Many unmarried people look for an apartment. If you're one of them and you would like to live with other single people, you might wonder if there are apartment communities out there that limit residency to single folks. You might also be curious as to whether the fact that you're single gives you any protection against housing discrimination.
Here's what you need to know about how the law affects you if you're single and looking for an apartment.
Can a Landlord Refuse to Rent to Prospects Because They're Single?
Maybe. The Fair Housing Act (FHA) doesn't protect people based on whether they're married or single. However, some states -- such as Alaska and Massachusetts -- and municipalities have added "marital status" as a protected class to their own fair housing laws. If marital status is protected where you live, then a landlord can't turn you away simply because you're single.
Discrimination against prospective tenants who are single is probably most common when it comes to renting to students (who are most often single).
While some local laws ban discrimination based on student status, this practice is legal in most of the United States. Many landlords refuse to rent to students (even with guarantors) because they're concerned about their ability to meet rent payments, keep the rental in good condition, plus they wish to avoid a high turnover rate. Students who are married, however, often come across as more stable and responsible to landlords, and a non-student spouse's income may alleviate a landlord's financial concerns.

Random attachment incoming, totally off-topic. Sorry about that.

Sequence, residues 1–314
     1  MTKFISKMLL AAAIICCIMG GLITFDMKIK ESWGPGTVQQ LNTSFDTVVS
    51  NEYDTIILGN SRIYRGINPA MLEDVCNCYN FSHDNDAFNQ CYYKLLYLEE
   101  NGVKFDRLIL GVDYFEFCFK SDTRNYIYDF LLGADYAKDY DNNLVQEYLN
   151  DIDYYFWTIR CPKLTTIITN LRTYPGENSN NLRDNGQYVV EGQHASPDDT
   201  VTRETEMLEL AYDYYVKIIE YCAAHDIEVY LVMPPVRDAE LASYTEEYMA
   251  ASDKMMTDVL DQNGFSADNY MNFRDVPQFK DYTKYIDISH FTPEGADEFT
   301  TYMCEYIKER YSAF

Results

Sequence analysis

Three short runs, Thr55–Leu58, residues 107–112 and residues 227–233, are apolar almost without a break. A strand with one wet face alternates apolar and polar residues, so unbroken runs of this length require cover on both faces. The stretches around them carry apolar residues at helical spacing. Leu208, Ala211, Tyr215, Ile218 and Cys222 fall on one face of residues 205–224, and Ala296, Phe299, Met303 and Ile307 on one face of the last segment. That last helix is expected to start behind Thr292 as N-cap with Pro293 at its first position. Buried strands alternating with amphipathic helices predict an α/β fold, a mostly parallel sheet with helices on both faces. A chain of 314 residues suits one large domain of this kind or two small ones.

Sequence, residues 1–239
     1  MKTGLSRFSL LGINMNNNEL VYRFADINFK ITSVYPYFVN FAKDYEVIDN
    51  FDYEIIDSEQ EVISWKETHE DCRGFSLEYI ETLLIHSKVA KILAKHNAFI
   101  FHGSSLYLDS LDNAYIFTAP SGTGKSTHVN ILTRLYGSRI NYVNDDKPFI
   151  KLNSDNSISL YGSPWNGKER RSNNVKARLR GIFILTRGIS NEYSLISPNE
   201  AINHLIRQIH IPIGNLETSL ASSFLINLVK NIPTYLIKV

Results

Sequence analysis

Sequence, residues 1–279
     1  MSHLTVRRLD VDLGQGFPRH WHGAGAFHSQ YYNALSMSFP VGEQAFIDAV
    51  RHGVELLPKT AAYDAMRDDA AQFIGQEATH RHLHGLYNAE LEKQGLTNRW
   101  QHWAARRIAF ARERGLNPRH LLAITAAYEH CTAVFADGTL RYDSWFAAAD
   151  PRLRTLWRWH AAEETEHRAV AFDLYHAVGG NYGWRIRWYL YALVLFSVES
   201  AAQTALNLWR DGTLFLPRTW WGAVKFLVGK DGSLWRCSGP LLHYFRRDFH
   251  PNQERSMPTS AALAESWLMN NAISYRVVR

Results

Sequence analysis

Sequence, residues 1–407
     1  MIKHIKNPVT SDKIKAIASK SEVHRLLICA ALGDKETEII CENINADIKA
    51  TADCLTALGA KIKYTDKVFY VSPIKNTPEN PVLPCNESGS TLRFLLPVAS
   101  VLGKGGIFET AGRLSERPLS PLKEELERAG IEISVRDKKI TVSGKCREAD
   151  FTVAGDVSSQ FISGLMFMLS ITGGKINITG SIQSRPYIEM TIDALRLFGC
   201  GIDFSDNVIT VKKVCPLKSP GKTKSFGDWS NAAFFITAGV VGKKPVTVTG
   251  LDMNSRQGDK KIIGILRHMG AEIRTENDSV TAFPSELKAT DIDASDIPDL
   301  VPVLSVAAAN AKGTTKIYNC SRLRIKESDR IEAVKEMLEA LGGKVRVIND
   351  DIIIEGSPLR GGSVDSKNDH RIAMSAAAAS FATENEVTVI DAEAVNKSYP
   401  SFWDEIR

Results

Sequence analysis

Can a Landlord Choose to Rent Only to Singles?
No. Landlords who sense a demand for singles-only communities and wish to distinguish their buildings in this way can't proceed. First, marital status may be protected under state or local fair housing law, which would bar landlords from turning away prospects simply because they're not single.
But even if marital status isn't protected, landlords who turn away prospects with children risk violations of the FHA's ban on familial status discrimination. If single parents or couples wish to rent with their children, landlords can't deny them housing on account of their kids.
Note that the law doesn't require landlords to actively recruit families with children to be tenants, nor does it require landlords to let rentals go vacant if there are only single prospects vying for them. Also, if two single roommates prove themselves to be financially qualified for an apartment while a family with children doesn't pass muster, the landlord needn't sign a lease with the family to comply with the FHA.
As a result of all this, it's possible that an apartment community can wind up with a sizable number of single people as tenants.